... thickets a whole world's gladness sings itself forth from the throat of thrush and blackbird. Through the whole land between the four seas benediction is everywhere; blue-bells and the rosy fingers of heath deck the mountain-tops, where the grouse are crooning to each other among the whins; down the hillsides into every valley pour gladness and greenness and song; there are flowers everywhere, even to the very verge of the whispering sea. There, among ...
— Ireland, Historic and Picturesque • Charles Johnston

... interval his gun would go off from some distant point, exactly where some ducks had been feeding serenely oblivious to fate. Neither of us white men would have considered for a moment the possibility of getting any of them. Once I felt rather proud of myself for killing six ruffed grouse out of some trees with the pistol, until Peter drifted in carrying three he had bagged with ...
— The Forest • Stewart Edward White

... to summer over the land, food grew abundant in the neighbourhood of the sycamore, and there was no temptation to trespass on man's preserves. There were grouse nests to rifle, there were squirrels, hare, wood-mice, chipmunks, to exercise all the craft and skill of the raccoons. Also there were the occasional unwary trout, chub, or suckers, to be scooped up upon the borders of the brook. And once, more in hate than in hunger, the old mother raccoon ...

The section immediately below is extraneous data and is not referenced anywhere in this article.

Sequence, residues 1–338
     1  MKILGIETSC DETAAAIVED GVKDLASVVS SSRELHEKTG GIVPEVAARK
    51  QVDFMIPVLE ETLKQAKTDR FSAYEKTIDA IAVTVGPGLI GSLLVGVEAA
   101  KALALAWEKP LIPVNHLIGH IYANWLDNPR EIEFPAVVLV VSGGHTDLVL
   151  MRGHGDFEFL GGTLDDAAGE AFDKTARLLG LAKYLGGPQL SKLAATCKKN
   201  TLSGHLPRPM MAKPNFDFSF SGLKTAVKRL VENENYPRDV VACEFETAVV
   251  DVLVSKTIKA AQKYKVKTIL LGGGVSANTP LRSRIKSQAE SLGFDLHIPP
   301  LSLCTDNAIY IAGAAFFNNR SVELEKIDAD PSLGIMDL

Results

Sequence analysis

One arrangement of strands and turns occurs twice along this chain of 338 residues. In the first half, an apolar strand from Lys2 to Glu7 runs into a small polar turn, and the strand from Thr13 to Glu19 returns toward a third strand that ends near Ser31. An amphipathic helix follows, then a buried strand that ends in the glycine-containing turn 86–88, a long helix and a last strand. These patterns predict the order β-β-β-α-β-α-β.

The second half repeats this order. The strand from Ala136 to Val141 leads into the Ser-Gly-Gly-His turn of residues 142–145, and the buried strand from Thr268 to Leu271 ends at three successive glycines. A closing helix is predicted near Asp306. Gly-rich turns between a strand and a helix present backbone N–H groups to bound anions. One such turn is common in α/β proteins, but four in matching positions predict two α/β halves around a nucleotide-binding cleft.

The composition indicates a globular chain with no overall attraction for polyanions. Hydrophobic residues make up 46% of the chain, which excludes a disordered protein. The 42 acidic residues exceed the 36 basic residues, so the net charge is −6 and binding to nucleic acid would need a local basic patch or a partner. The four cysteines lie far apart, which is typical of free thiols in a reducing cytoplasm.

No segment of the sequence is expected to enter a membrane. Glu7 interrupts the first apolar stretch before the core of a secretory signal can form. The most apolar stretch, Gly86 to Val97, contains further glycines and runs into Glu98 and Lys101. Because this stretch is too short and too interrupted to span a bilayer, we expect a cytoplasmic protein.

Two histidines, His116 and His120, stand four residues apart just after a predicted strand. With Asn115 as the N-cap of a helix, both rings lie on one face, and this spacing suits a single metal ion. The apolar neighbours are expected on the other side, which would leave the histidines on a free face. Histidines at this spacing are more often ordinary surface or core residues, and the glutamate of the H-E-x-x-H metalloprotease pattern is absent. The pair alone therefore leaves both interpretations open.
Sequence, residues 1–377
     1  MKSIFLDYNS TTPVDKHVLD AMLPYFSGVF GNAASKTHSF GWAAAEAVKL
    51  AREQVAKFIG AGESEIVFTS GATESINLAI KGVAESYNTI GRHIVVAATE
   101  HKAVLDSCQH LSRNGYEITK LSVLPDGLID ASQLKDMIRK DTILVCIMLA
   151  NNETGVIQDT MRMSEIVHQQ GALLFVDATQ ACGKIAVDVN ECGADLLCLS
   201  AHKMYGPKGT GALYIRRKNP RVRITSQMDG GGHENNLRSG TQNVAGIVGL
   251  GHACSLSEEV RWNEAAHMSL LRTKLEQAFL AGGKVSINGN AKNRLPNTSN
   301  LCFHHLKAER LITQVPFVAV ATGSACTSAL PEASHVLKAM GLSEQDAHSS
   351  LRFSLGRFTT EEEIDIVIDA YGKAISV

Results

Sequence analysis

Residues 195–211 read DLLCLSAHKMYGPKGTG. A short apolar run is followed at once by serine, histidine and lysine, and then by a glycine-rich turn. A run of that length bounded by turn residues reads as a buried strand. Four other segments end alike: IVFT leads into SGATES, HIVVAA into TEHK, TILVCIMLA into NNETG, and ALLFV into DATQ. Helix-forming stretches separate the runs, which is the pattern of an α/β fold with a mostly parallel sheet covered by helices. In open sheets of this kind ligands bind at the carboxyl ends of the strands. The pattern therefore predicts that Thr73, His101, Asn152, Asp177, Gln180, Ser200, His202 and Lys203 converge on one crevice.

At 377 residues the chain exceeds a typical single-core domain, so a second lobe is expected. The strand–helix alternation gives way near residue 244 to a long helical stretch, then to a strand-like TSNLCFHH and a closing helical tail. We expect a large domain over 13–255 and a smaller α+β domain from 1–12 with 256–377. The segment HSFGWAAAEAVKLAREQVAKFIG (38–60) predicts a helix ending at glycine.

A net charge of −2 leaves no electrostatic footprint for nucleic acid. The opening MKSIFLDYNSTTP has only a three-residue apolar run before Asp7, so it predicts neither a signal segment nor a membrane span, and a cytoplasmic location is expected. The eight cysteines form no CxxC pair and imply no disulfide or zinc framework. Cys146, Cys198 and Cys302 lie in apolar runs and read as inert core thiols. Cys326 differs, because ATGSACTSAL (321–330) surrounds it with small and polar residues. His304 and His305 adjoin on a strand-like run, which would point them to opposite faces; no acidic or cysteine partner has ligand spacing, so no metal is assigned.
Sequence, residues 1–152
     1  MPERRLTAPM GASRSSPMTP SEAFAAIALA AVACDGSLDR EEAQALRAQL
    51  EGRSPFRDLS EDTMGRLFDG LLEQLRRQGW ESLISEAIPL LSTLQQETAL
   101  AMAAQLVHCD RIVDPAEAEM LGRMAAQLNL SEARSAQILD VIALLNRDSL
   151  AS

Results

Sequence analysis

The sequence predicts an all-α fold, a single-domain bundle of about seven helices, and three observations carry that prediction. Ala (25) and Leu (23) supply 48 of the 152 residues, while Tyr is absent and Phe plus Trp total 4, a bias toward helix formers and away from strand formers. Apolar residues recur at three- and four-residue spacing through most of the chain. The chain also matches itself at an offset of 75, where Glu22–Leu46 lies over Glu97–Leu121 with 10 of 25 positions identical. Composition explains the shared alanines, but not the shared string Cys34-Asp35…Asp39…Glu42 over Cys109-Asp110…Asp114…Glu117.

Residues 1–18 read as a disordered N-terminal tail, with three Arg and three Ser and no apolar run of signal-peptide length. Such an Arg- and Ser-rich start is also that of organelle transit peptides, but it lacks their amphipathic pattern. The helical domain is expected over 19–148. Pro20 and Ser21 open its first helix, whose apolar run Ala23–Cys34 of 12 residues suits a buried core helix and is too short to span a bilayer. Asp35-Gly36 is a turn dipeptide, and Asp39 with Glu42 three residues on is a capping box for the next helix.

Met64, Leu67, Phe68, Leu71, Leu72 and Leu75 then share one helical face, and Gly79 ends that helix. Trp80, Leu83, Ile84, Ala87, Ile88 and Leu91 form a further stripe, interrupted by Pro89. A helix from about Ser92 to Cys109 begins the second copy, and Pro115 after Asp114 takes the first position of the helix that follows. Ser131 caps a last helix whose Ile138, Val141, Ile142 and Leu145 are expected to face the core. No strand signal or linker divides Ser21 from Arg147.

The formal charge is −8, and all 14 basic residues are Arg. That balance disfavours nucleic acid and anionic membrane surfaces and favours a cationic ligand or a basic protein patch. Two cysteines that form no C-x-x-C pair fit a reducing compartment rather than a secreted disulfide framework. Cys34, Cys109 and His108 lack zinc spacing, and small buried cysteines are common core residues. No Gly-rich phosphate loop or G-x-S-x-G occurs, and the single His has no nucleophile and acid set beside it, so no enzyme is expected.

— The Watchers of the Trails - A Book of Animal Life • Charles G. D. Roberts

... sexual attraction.[56] Even many of the amatory duels are not really fights between rivals. They are rather parades, or tournaments, used by the males as a means of displaying their beauty and valour to the females. This is frequent among the contests of birds, as, for instance, the grouse of Florida (Tetras cuspido), which are said to assemble at night to fight until morning with measured grace, and then to separate, having first exchanged ...